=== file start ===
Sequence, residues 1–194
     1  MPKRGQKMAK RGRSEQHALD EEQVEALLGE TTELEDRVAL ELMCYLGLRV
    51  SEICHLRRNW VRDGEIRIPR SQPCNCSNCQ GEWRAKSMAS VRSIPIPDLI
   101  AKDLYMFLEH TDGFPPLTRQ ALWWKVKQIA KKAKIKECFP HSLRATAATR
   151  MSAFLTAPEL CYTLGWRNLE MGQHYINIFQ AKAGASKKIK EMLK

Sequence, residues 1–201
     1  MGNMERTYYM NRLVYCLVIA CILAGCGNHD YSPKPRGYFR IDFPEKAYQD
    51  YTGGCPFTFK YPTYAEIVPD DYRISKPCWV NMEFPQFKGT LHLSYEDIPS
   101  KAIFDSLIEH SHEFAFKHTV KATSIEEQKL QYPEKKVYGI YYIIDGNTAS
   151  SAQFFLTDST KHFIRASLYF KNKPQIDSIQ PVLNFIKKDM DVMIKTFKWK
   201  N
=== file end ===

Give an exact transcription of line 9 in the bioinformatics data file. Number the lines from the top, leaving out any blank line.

   101  KAIFDSLIEH SHEFAFKHTV KATSIEEQKL QYPEKKVYGI YYIIDGNTAS